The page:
The Smithsonian’s Freer Gallery of Art and Arthur M. Sackler Gallery have placed on view a relic from ancient Palmyra in Syria. In addition, the galleries are displaying images of 18th century engravings and 19th century photographs from its archives. In the wake of Daesh or the Islamic State’s offensive in Syria, this exhibition has attained a symbolic significance. Being held in the capital of the world’s only superpower with a questionable Syria policy, the display reminds us of what is at stake.
It was exhilarating to be connected with this rich past of humanity and at the same time extremely devastating to remember that we live in a world where our ancient treasures can be wiped out while we look on helplessly.
Haliphat – a limestone funerary relief bust on display at Sackler- stares at you with an intense expression. Her two fingers on the chin represent modesty and virtue. For a moment it seems like a reflection on what is happening in Palmyra today. Halpihat has been dated back to 231 C.E. The almost-alive figure displays Roman and Aramaic artistic styles, reminding us of how Palmyra was the bridge between the East and West.
The Islamic State reportedly has planted mines and bombs in Palmyra. It is unclear if ISIS intends to destroy Palmyra or is using the threat as a strategy to deter attacks by Iraqi forces. Nevertheless, our collective heritage under grave threat.
Palmyra, the ancient cultural fulcrum of the world, was a caravan route in the earlier years of Greek, Roman and Persian civilisations. Its ruins show the unique fusion of myriad cultural influences, including the Roman style it acquired around the first century. Even if ISIS spares Palmyra, the prospect of the site being used as a looting arena haunts one, given the high prices that the international antiquities’ black market offers. Palmyra, the breathtaking gateway to humanity’s ancient past includes the famed Temple of Ba’al – a theatre and a two-millennia-old colonnade – which is already showing signs of attack.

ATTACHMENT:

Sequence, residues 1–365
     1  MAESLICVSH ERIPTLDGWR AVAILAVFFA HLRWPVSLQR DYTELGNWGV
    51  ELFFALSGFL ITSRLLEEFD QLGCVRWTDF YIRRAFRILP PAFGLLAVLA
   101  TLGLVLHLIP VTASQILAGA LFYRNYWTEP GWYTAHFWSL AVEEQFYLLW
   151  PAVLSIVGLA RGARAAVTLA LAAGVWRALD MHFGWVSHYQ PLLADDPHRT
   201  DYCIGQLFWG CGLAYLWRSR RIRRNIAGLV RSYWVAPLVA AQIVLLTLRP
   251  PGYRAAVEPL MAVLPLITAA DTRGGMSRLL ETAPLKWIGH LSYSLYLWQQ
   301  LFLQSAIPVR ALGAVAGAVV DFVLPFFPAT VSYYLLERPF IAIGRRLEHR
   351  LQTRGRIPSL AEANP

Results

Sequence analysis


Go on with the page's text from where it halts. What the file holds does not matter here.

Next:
The “engraving images” at Sackler are from Robert Woods’ 1753 The Ruins of Palmyra, which, according the museum website, are “a publication that inspired the popular neoclassical architectural style in Britain and North America”. Apparently, the image, entitled “Eagle Decorating an Ancient Roman Temple” inspired the seal of the United States while the design on Palmyra’s coffered ceilings influenced the ceiling of the Freer Gallery’s northern entrance. Felix Bonfils, a 19th-century photographer captured the photographs on display.
Palmyra prospered in the 2nd and 3rd centuries CE. When the Sassanians replaced the Parthians in Persia and southern Mesopotamia (226 CE), Palmyrene trade suffered. There were rebellions and tumults in the ancient times as well. Especially when the rebels declared the city independent of Roman control. However, the Roman emperor, Aurelian, regained the territories in 272 CE and Palmyra came under a major assault. It was rebuilt and remained an important connection from Damascus to the Euphrates. In the 7th century, it was captured by the Muslims under the first Caliph, Abu Bakr.
Palmyra remained a link between the East and the West. Its language, according to Encylopedia Britannica, was Aramaic and “Palmyrenes exchanged goods with India via the Persian Gulf and also with such cities as Coptos on the Nile River, Rome, and Doura-Europus in Syria”.